Maps

Mapping risk across the globe

Our RiskMaps cover political, security, terrorism, cyber and operational risks.

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RiskMap ratings: the risers and fallers for 2022

 

Close observers of RiskMap over the years have been able to track the periodic rise and fall of the ratings for countries or regions important to their companies. Perhaps you’ve also used RiskMap for a bit of holiday planning – you wouldn’t be the first.

RiskMap 2022 brings a wide range of changes to our ratings. As you read them, bear in mind that these are forecasts for the year, not a country’s rating on the day RiskMap is published. 

Some of the changes are more obvious, others might surprise you. All of them will get you to challenge your assumptions about risk in the coming year. And that’s what RiskMap is all about. 

The list below is not exhaustive, but touches on some of the more prominent risers and fallers around the world. 



Political risk

With the exception of MENA, where we had no ratings changes for political risk in 2022, ratings elsewhere fluctuated widely. 

In Eastern Europe, Bulgaria’s political risk rating rose to HIGH, from MEDIUM. This comes in acknowledgement of a highly fragmented political landscape and an unstable coalition we expect to form early in 2022. That coalition will be beset by political infighting and increase the risk of a vote of no confidence in the coming year.

Latin America shows contrasting pairs in Colombia, where political risk rose to MEDIUM from LOW, and Peru, which dropped to MEDIUM from HIGH. 

  • In Colombia, we anticipate a left-wing president will win the May, 2022 election, which will trigger a destabilising combination of deteriorating policy-making and declining business confidence. 
  • Though political risk in Peru drops, it’s not necessarily for an encouraging reason. We think a left-wing government there simply lacks the legislative support to enact laws that might threaten the private sector. 

On the African continent, some of the pressure has come out of our rating for political risk in Burundi – down from EXTREME to HIGH.

In Asia, the temperature of political risk for 2022 is down in Thailand, which moves to MEDIUM from HIGH. The regime’s degree of persistent instability is unlikely to significantly or frequently disrupt business operations. Snap elections could take place in 2022, any transition is unlikely to be seriously challenged or to trigger widespread violence.  

The United Kingdom in 2022 moves to LOW from MEDIUM political risks in 2022, thanks primarily to the Conservative Party’s overwhelming parliamentary majority, which should allow it to legislate without too much distraction. 



Security risk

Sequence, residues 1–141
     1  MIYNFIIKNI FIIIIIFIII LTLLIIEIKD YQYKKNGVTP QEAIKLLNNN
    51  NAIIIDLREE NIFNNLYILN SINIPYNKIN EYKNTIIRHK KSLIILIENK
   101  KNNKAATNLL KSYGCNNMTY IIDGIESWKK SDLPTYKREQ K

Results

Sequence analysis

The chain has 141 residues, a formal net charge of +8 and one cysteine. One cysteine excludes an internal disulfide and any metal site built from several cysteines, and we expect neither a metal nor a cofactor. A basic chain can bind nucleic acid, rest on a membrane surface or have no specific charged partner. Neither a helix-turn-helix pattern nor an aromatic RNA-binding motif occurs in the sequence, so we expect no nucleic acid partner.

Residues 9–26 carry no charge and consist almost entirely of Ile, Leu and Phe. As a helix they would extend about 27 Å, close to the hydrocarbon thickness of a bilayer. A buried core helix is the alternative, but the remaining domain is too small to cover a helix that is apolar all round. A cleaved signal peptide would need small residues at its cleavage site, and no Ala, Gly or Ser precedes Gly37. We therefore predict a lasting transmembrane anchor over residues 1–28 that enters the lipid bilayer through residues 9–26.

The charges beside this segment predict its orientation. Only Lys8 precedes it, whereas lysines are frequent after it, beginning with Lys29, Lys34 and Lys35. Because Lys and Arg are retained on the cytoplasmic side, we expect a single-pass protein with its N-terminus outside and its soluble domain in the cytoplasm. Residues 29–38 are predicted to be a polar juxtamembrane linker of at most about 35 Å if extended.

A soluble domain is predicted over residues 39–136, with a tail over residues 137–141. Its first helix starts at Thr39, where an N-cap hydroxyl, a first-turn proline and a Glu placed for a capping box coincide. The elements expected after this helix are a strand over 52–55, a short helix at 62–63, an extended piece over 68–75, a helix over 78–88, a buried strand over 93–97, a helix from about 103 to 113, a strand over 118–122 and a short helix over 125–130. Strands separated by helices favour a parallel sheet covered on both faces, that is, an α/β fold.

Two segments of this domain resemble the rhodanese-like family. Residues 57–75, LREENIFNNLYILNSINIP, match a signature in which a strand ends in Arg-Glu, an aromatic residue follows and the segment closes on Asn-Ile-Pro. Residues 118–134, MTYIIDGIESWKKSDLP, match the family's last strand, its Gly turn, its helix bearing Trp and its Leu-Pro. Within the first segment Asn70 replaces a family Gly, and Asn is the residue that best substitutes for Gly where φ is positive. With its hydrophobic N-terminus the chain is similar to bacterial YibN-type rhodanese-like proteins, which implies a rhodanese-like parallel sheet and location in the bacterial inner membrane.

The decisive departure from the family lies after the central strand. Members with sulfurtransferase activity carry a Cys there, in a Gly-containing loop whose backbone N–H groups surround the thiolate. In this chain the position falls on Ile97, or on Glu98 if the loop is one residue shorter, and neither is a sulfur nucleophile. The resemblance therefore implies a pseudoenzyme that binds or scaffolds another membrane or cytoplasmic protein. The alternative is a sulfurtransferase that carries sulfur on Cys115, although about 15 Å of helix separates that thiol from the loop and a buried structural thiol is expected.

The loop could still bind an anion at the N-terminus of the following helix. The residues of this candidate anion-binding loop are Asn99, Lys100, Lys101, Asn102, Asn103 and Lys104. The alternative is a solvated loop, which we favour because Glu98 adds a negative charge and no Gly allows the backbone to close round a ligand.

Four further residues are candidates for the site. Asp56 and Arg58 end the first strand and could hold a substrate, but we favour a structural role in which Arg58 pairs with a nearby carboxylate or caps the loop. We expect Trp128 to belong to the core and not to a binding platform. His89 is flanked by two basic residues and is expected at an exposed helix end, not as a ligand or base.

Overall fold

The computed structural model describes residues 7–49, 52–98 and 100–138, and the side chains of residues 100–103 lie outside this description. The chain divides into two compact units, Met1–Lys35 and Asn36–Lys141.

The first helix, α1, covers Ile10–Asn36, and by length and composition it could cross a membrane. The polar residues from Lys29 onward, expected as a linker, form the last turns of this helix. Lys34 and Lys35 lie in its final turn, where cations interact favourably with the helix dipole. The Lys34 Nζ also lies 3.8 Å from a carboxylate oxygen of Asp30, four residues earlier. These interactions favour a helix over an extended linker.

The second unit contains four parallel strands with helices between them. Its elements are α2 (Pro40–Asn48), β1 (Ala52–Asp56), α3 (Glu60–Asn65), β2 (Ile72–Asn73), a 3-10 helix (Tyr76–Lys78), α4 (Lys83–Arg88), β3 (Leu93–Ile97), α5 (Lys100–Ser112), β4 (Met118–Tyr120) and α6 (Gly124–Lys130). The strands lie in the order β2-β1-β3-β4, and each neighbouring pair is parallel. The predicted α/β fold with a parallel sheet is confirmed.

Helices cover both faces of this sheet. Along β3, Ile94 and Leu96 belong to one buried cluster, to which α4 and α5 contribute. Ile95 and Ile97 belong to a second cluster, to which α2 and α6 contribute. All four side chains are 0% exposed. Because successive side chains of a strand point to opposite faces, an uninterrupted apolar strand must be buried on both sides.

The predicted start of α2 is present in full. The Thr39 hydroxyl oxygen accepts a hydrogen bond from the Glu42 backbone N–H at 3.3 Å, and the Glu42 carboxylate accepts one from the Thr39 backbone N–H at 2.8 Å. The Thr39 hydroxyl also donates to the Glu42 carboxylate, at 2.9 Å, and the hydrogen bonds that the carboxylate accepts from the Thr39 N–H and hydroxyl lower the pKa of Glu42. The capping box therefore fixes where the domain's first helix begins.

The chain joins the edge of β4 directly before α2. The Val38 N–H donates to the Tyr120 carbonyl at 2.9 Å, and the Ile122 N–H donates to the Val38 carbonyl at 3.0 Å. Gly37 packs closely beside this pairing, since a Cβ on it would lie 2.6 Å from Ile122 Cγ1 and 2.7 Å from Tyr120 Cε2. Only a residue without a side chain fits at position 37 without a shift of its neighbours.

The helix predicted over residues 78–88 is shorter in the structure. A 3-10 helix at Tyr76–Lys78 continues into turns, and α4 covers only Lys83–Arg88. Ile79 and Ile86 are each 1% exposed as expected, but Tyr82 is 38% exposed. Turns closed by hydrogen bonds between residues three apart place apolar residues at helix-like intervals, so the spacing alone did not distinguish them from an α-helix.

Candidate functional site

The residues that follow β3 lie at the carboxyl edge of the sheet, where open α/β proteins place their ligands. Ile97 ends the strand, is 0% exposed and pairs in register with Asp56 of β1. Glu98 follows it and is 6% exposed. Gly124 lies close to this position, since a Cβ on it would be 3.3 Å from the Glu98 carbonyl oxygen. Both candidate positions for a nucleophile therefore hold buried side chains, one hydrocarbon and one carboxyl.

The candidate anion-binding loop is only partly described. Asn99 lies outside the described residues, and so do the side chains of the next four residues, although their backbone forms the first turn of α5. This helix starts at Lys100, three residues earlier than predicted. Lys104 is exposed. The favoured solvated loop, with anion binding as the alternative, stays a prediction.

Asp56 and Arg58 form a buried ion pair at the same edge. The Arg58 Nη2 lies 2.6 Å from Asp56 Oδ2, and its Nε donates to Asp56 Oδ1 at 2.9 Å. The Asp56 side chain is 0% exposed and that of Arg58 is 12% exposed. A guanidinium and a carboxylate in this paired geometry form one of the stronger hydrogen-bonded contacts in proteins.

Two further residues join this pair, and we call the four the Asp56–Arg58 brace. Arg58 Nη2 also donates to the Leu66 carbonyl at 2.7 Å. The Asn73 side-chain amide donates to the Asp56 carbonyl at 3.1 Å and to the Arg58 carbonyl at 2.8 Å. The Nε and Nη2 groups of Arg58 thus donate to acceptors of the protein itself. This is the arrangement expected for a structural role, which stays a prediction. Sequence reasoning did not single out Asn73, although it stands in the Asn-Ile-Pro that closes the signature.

The evolution of security risk from 2021 to 2022 is perhaps the most surprising one. You have to look hard for meaningful movers and shakers. 

It will come as no surprise that Afghanistan has moved to EXTREME, from HIGH. There is little to say here that is not already covered elsewhere in RiskMap. The Taliban, a sanctioned terrorist organisation, is in control. Or maybe it isn’t, which is one of the elements of volatility in that country for the coming year. The risk is very high that Afghanistan becomes a safe haven for terrorists with ambitions within its border and beyond.

The security situation in Ethiopia, a country that showed so much promise in RiskMaps past, has worsened. There, we have changed our rating to HIGH from MEDIUM, amid an ongoing and expanding conflict between the federal government and armed opposition groups allied to the Tigray People’s Liberation Front (TPLF).

The other big mover in Africa is Congo, where we have lowered, to HIGH from EXTREME, security risk for areas within 200 km of the Central African Republic and the border with South Sudan. The same goes for the northern half of Tanganyika and South Kivu. 

We’ve made some adjustments, downward, in security risk in the northern half of Nigeria’s Adamawa State and in Yobe States. Operational risk in Nigeria remains unchanged from the previous year.

Security risk in Biobío, Arauco, Malleco and Cautín provinces in Chile moves up to MEDIUM from LOW. 

Other than an increase in the security risk rating in Afghanistan, Myanmar is Asia’s only other mover. This is where our rating rises to HIGH from MEDIUM. This revision comes amid persistent political violence between civilian resistance groups and the Tatmadaw, following the early 2021 military coup. These confrontations have diverted state capabilities and resources from dealing with community policing, raising the risk of general disorder and increased crime across the country.

Reflecting the calmer protest situation in Belarus, we change our security risk rating there to MEDIUM from HIGH. This change reflects our view that Belarus’ most turbulent days – for 2022, at least – may be behind it. Alexander Lukashenka’s tenure is proving more durable than opposition politicians may have expected.

There were no changes to our security risk ratings for the Middle East and North Africa for 2022.



Terrorism risk

Nigeria’s Borno state is broken out for an EXTREME rating for terrorism risk. Islamic State West Africa Province (ISWAP) appears to be focusing on consolidating its position in the Lake Chad region and seems more interested in targeting Borno state capital Maiduguri, rather than expanding further south. This also explains our reduction in the threat in the southern part of Adamawa state.